Layoffs intensify, leading to soaring unemployment claims as coronavirus closures continue


MARCH 18, 2020

A closed sign hangs in the door of a Converse shoe store Monday, March 15, 2020, in Phoenix as a maintenance worker passes by. Nike, which owns Converse, is closing all of its stores in the U.S., along with other parts of the world, to try to curb the spread of COVID-19 coronavirus. According to the World Health Organization, most people recover in about two to six weeks, depending on the severity of the illness. – Matt York/AP

Layoffs are continuing to mount by the tens of thousands, prompting a surge of applications at unemployment offices nationwide as coronavirus brings more of the U.S. economy to a standstill.

Just a week ago, hundreds of people had been laid off, but those numbers are skyrocketing. As Trump administration leaders, industry officials and economists project dire warnings of millions of jobs vanishing this year, an increasingly grim picture of the U.S. labor market is emerging for the months to come.

The deluge into unemployment offices is beginning to strain systems. In Ohio, the Department of Job and Family Services said 36,645 claims were filed Monday. That’s typically what the department receives each month, The Columbus Dispatch noted.

Pennsylvania experienced more than 50,000 on Monday and more than that on Tuesday, according to a tally from economist Jacob Robbins and the Pittsburgh Post-Gazette. Minnesota officials saw more than 31,000 applications on Monday and Tuesday, the Star Tribune reported. In New Jersey, 15,000 applications arrived on Monday, causing the state’s website to crash, local affiliate WHYY reported.

Treasury Secretary Steven Mnuchin warned lawmakers that the U.S. unemployment rate could spike to almost 20 percent, from its current level of 3.5 percent, three people familiar with his comments told The Washington Post on Tuesday. Kevin Hassett, a former Trump administration economist, told CNN on Monday that the United States could lose up to 1 million jobs in March.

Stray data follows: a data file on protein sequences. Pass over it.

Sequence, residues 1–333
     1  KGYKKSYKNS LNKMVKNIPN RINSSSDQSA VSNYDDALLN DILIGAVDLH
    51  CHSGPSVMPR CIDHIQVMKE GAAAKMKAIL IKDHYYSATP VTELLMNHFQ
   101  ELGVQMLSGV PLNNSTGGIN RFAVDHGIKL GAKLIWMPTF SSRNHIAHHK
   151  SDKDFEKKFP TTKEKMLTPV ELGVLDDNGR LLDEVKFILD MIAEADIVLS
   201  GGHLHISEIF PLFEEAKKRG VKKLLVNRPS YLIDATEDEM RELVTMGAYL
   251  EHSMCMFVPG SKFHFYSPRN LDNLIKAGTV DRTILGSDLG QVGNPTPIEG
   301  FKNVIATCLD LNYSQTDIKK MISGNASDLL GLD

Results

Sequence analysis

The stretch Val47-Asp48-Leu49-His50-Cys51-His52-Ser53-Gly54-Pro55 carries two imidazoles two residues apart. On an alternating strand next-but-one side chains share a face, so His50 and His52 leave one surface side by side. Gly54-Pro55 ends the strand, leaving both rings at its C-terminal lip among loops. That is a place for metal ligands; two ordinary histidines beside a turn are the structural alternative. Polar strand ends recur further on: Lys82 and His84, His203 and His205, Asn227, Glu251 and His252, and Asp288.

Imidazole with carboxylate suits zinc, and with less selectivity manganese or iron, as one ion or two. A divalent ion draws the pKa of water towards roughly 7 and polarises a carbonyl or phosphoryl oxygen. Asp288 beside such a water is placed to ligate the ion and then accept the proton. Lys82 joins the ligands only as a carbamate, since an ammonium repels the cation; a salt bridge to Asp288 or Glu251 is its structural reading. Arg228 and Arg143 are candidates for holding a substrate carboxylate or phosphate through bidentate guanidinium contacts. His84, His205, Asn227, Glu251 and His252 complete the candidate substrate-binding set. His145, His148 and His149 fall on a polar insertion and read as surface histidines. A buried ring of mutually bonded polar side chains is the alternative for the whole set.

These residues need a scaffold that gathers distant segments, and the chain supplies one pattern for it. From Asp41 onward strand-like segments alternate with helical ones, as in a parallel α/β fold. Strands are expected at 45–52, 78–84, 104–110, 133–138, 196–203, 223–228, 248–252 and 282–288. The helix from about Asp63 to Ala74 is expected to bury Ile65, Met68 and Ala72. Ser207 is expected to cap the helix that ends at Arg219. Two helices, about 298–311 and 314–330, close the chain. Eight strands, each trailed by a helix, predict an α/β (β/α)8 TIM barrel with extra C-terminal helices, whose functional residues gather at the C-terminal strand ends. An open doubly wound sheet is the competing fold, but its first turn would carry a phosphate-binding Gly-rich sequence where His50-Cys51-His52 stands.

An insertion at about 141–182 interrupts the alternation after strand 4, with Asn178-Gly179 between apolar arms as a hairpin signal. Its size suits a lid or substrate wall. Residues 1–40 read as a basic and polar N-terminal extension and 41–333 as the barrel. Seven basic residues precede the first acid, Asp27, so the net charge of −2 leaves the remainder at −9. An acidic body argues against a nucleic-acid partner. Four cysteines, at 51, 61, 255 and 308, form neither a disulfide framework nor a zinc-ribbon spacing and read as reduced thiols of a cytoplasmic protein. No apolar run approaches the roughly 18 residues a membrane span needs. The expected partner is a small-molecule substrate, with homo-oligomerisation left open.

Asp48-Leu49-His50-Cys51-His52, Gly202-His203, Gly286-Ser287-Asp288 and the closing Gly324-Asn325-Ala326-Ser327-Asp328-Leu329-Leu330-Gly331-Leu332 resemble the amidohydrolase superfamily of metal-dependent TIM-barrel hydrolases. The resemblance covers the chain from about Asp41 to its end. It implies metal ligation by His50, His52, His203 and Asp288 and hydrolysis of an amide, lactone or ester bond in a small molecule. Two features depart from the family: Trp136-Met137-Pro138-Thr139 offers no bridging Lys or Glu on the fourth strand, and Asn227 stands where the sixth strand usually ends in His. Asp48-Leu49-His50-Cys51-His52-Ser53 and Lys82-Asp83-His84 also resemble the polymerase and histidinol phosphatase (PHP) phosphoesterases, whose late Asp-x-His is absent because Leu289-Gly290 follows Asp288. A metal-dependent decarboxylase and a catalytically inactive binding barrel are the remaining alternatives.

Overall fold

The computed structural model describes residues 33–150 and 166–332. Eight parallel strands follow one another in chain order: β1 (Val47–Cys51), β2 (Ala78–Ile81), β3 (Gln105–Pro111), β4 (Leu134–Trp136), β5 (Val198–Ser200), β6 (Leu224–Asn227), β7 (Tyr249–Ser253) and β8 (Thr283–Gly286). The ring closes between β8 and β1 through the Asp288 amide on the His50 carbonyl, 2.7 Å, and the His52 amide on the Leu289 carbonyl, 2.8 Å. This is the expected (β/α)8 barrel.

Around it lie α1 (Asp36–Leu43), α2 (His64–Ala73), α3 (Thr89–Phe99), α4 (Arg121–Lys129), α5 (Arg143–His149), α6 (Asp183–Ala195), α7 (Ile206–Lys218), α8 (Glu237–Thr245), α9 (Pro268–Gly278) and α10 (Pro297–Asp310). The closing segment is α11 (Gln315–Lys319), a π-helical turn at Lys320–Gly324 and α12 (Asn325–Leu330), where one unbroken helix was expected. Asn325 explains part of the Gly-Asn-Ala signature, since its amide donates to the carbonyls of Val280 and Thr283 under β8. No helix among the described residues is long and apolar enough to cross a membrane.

The U.S. Travel Association forecasts a loss of 4.6 million travel-related jobs this year, most of them in hotels, but also in air travel, retail, food services and entertainment. Those losses would, by themselves, nearly double the U.S. unemployment rate, from 3.5 percent to 6.3 percent, the industry group said.

For the week ending March 7, unemployment insurance claims totaled 211,000, according to data by the Department of Labor. Figures through Saturday, March 14, will be released Thursday morning. But economists caution that those tallies will only reflect the beginning of widespread layoffs, which ramped up in the past several days as government leaders started imposing stricter restrictions on restaurants, bars, hotels, casinos and other venues with large crowds.

Economists are warning that the coronavirus is pushing the global economy into recession.

Of the travel industry job losses, hotels have been particularly hard hit. The American Hotel & Lodging Association said Tuesday that 4 million jobs have been eliminated already or are on the verge of being lost in the next few weeks. Chip Rogers, president and chief executive of the AHLA, said the hospitality industry faces the possibility that half of U.S. hotels could close this year.


Marriott International, the world’s largest hotel brand, has started to furlough what it expects to be tens of thousands of employees. Some managed properties began closing last week. Those who lost their jobs will not be paid while on furlough, but they would continue to receive health-care benefits, the company said.

The left-leaning Economic Policy Institute is putting job losses at 3 million by the summer, even with moderate fiscal stimulus. That pace would be comparable to the very worst months of the Great Recession, EPI’s Josh Bivens wrote.

Manufacturing jobs tend to be the first to go during a recession. But Bivens noted that coronavirus has sharply targeted low-wage and low-hours jobs in the service sector.

“Given that workers in these sectors are likely to have very little savings to tide them over the economy’s downturn, the ripple effect from the first round of job losses are likely to be far greater,” Bivens wrote.

A poll released Wednesday by the Pew Research Center found that a third of Americans said they would not get paid if they are unable to work for two weeks or more because of the coronavirus and that it would be difficult to keep up with expenses. Among adults with family incomes of $50,000 or less, about half said they would struggle with day-to-day expenses.

The White House is working with congressional Republicans on a stimulus plan that could send two $1,000 checks to many Americans and allocate $300 billion to help small businesses avoid layoffs, according to two senior administration officials and a Treasury Department fact sheet. Much has yet to be finalized on the $1 trillion emergency plan.

Courtesy/Source: Washington Post